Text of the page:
Ecuador demands Colombia to explicitly renounce the use of “preventive
attacks” as a condition for the two countries to resume diplomatic
Following the March 2008 bombing of a FARC camp just over the Ecuadorean border, Colombia has always argued it reserves the right to “preventive attacks” in its war against “narco-terrorism”.
Ecuador cut diplomatic ties after the attack and feels threatened by a pending U.S.-Colombian deal that allows an increase of U.S. military activity in Colombia. It wants Colombia to renounce the self-reserved right to “preventative attacks” if it wants to improve relations with its southern neighbor.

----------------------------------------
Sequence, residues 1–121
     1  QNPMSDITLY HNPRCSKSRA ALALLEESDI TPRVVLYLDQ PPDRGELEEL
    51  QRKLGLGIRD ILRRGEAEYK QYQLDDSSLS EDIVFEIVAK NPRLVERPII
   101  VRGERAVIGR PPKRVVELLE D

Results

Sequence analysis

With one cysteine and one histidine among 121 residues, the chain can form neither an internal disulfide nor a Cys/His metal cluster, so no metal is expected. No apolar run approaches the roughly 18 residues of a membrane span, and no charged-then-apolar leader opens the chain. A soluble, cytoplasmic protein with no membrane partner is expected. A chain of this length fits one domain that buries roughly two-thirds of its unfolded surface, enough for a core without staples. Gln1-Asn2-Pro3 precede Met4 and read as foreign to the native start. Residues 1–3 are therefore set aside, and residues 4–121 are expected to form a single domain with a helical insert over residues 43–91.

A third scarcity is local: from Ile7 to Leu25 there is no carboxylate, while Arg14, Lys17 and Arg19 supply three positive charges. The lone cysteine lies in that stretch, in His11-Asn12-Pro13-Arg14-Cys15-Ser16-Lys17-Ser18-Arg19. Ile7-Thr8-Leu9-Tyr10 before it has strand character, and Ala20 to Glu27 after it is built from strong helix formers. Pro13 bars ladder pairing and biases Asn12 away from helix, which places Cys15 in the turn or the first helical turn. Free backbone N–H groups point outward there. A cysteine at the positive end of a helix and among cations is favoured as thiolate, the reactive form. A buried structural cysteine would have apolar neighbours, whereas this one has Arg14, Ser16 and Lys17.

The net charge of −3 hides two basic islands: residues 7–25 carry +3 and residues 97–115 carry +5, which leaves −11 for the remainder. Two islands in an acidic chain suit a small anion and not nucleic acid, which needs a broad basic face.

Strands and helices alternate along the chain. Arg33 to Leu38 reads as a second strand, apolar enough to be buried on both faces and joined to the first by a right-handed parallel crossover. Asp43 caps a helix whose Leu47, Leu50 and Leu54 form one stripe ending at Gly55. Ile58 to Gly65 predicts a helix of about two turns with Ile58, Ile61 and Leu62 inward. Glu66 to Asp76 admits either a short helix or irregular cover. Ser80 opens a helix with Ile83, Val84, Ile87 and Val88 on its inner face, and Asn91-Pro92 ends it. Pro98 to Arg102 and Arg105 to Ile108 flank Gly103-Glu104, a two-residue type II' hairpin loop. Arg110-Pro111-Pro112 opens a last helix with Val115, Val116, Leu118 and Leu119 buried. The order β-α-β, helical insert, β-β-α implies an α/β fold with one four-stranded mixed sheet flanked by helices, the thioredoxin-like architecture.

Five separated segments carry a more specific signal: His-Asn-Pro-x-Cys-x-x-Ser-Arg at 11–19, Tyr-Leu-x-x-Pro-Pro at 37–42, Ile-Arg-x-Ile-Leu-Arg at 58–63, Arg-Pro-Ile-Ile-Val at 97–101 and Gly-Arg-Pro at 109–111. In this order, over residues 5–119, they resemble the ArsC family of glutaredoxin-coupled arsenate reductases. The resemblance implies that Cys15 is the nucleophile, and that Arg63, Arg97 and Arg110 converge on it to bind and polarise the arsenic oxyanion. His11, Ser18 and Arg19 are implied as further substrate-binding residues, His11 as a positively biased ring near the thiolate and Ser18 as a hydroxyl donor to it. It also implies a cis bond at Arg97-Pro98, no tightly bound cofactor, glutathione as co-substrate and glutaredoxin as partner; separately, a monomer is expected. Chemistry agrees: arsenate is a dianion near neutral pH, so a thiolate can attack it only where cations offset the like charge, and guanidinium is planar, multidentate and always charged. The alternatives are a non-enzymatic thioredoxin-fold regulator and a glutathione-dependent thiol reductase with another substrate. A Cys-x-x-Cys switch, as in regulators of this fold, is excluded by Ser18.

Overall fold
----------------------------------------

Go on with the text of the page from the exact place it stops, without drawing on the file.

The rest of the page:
“Whatever constructive and substantial dialogue will take place after an explicit renunciation of the possibility of a preventive war for security reasons in any other country,” Ecuador’s Foreign Minister Fander Falconi told news website Ecuadorinmediato.
According to Falconi, the issue of a preventive attack is “not negotiable with Colombia or any other country,” as it is considered illegal by international law.
The Foreign Minister added that the prohibition of preventive strikes are “defended and advocated by the United Nations and completely adopted by the Union of South American Nations to support the inviolability of the territory of its member states.”
Colombia has defended the use of preventive strikes because the FARC, the country’s largest guerrilla group, regularly crosses borders with neighboring countries Ecuador and Venezuela.